The flowchart (Fig. 1) depicts the inclusion of 458 patients for the analysis. During the observational period of 18 months, 66 (14.4%) patients who were enrolled in clinical remission experienced flares, 25 (5.5%) who were enrolled in a clinically active state did not respond to therapy, 27 (5.9%) suffered from complications, and 9 (2.0%) developed extraintestinal manifestations. Twenty patients experienced more than one category of adverse events (e.g., first flares and later on complications), thus the total of patients with one or more adverse events was 101 (22.1%). The whole sample and the differences between the groups with and without adverse events are described in Table 2. About two-thirds of the sample attended vocational school. Group comparison revealed that patients with adverse events were younger, had lower BMI, lower perceived social support, higher BDA (total sample 72.30 ± 80.39, group with subsequent worsening of the disease 101.98 ± 78.02, group without worsening of the disease 63.91 ± 79.16), and shorter disease duration. Compared to other variables, which yielded between 96% and 100% nonmissing values, adherence to therapy and time to questionnaire completion had at least 13% more (P < 0.001) missing values. The question regarding adherence was answered correctly in 81.2% of the group with adverse events, 83.5% of the group without adverse events (P = 0.653), and in 83.0% of the total sample (e.g., of participants with medication at baseline, 78 did not indicate whether they succeeded in taking their medication as prescribed). The information about questionnaire completion was provided in 88.1% of the adverse events group, in 81.8% of the no event group (P = 0.174), and in 83.2% of the total sample. Adherence to therapy and time to questionnaire completion showed no difference between the group with and without adverse events.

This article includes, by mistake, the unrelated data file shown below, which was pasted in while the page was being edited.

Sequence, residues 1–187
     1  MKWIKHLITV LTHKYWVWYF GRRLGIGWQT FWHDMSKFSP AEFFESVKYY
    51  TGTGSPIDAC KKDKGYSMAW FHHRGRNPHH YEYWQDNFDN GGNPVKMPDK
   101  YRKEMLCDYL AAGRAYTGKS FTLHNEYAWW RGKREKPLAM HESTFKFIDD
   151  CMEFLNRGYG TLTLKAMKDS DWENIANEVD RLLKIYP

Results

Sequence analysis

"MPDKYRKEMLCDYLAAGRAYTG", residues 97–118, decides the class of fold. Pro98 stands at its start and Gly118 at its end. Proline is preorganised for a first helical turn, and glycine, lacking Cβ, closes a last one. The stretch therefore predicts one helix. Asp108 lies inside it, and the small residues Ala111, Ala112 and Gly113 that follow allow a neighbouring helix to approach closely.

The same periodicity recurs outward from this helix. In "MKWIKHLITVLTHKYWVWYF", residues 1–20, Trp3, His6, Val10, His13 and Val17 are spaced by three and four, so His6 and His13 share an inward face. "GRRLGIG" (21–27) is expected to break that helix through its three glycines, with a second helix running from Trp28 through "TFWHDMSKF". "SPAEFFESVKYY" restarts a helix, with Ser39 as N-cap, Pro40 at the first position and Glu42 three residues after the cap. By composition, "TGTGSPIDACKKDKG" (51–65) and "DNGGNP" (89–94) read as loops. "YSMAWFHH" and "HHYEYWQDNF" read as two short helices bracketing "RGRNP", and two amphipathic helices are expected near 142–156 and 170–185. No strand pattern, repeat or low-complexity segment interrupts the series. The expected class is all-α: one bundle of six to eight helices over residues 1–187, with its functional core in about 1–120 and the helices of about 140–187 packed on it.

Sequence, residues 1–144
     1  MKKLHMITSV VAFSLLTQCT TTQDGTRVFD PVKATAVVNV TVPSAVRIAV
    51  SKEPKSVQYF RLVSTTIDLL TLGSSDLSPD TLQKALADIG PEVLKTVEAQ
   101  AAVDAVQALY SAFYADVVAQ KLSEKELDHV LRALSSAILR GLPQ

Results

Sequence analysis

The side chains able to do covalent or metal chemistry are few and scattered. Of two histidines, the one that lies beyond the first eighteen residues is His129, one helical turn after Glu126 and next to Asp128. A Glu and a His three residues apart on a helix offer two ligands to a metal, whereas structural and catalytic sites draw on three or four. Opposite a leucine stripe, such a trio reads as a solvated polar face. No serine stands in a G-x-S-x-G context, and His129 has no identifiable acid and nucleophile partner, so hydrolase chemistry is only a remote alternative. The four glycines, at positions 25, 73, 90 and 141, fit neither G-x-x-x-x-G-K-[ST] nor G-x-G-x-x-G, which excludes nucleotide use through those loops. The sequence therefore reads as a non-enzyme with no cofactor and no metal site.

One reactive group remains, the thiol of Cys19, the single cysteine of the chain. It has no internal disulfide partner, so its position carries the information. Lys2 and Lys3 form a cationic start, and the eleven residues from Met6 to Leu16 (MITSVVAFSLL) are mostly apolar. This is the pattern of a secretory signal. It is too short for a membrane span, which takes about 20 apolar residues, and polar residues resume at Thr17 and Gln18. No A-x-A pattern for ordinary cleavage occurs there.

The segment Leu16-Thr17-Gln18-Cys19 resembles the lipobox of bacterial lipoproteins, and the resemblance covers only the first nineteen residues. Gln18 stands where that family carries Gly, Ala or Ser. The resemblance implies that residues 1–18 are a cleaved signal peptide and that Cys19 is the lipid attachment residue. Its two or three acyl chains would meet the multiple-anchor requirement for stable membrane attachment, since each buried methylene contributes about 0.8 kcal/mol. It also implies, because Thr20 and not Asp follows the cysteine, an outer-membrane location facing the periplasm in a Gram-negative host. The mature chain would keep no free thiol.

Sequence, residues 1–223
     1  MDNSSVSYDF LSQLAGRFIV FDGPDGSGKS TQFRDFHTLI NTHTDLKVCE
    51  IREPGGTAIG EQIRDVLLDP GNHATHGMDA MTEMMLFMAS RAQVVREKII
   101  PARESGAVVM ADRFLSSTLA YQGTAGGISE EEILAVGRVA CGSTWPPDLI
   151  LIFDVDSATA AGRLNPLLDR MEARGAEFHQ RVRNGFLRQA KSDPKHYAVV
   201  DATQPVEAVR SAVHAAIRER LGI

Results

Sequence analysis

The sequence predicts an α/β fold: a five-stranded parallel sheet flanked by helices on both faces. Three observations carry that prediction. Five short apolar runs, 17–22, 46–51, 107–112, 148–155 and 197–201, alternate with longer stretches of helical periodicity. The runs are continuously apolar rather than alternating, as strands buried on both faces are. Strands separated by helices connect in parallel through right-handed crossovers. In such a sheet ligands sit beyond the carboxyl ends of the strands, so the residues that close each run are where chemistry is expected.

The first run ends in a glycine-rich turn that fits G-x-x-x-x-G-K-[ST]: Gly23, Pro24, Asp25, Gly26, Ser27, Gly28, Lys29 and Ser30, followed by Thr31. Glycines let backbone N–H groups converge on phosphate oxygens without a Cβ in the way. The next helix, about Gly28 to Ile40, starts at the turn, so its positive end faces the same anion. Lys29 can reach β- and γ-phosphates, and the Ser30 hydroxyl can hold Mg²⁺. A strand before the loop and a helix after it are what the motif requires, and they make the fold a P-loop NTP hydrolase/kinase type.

|Variable||Total (n = 458)||Event + (n = 101)||Event – (n = 357)||Difference (95%CI)||P-value|